There’s a reason it’s called “Murphy’s Law” and not just “Murphy’s Probability.” That’s because life rarely goes along as smoothly as we hope, and the idea that something will go wrong is probably the most reliable thing we can all count on.
Yet a recent National Foundation for Credit Counseling survey found that 64 percent of Americans wouldn’t be able to pay cash for an emergency expense of just $1,000. An emergency fund – ideally enough cash to cover six to eight months worth of living expenses – could help prevent an emergency from turning into a disaster.
Hopefully, you’re a believer and have already started building emergency savings. If you’re still not convinced of the value of such a fund, or if you’ve got one but aren’t sure when it’s appropriate to dip into it, consider these five times when having emergency savings could save your bacon:
1. You get hit with a major repair bill for your home or car.
Vehicle and home repairs can be some of the biggest expenses you face. And often, not doing the repairs is not an option, especially if not doing them means you won’t be able to drive safely or stay in your home comfortably.
2. You get hit with a major medical expense.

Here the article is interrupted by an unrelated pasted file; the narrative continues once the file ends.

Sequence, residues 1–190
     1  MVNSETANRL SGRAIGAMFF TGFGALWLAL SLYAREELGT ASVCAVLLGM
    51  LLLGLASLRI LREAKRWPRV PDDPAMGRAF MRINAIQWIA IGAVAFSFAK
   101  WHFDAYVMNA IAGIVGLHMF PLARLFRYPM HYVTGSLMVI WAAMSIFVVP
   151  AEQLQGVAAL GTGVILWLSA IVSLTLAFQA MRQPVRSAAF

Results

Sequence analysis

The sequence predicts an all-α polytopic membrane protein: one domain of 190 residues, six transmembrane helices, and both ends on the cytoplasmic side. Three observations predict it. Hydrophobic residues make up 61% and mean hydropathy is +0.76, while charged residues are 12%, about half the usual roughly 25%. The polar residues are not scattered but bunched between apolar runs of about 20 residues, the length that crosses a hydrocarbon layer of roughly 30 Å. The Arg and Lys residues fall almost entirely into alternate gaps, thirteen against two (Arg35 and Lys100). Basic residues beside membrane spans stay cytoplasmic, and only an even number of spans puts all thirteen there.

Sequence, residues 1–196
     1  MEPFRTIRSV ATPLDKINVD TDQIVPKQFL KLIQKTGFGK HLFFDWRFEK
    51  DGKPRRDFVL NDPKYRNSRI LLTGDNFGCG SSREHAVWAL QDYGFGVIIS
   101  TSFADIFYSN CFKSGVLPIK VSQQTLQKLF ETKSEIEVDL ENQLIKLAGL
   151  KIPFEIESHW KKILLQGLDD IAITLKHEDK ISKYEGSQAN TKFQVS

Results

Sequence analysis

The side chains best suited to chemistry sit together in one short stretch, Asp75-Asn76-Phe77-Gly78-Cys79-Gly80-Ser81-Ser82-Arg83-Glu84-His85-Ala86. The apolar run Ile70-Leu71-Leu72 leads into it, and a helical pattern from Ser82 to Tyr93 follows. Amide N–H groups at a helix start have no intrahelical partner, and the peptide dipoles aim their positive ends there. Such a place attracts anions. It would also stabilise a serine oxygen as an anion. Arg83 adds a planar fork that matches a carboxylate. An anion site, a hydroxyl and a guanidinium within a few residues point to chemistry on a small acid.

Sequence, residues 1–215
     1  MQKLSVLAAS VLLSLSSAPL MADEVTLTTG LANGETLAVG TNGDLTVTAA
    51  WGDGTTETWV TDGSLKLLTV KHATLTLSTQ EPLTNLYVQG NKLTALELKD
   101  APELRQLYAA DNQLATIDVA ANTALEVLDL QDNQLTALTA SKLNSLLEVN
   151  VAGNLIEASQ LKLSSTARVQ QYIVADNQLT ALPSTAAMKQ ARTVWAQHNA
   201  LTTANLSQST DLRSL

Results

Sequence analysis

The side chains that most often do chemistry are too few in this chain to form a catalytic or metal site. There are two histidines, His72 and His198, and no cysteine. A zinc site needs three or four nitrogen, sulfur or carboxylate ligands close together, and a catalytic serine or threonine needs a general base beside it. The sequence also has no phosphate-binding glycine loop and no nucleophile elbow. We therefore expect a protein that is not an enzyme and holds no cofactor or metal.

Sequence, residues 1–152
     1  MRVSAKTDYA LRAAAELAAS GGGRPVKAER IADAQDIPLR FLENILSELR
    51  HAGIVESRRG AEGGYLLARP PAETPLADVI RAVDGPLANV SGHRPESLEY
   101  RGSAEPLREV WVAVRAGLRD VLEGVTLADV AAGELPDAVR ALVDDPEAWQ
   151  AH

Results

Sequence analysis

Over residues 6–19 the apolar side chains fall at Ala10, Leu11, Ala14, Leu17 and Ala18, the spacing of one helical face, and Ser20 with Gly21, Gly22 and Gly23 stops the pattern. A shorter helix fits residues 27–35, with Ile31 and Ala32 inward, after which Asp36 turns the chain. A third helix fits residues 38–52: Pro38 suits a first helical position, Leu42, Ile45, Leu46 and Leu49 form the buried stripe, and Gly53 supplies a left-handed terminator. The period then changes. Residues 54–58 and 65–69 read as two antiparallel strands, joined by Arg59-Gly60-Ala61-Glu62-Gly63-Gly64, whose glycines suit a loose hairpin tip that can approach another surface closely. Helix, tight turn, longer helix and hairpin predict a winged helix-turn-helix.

Four years ago, medical problems caused 62 percent of all personal bankruptcies, Harvard researchers found. It’s probably a safe bet that percentage has risen, given the economy. Most of those people had insurance, too. If you face a medical emergency that is not entirely covered by your insurance, your emergency fund could help you stay solvent.
3. You cause a vehicle accident and you’re underinsured.
If you’re to blame for an accident, will your auto insurance cover the full cost of repairing the other party’s car? Or, maybe it’s a relatively minor accident and you would like to pay for the repair rather than file a claim and watch your insurance rates rise as a result.
4. You’re applying for a loan and you don’t want to mess with your credit score.
Wise use of credit can be a lifesaver when an emergency arises. But if you’ve applied for a loan and an emergency crops up, using credit to cover the cost could affect your credit score – which in turn could affect whether or not you get that loan. Building your emergency savings means you won’t always need to rely on credit if something happens.
5. You lose your job.
This is when the real value of an emergency fund becomes apparent. If you’re out of work, those six to eight months of living expenses can help you avoid overusing your credit to stay afloat until you find a new job.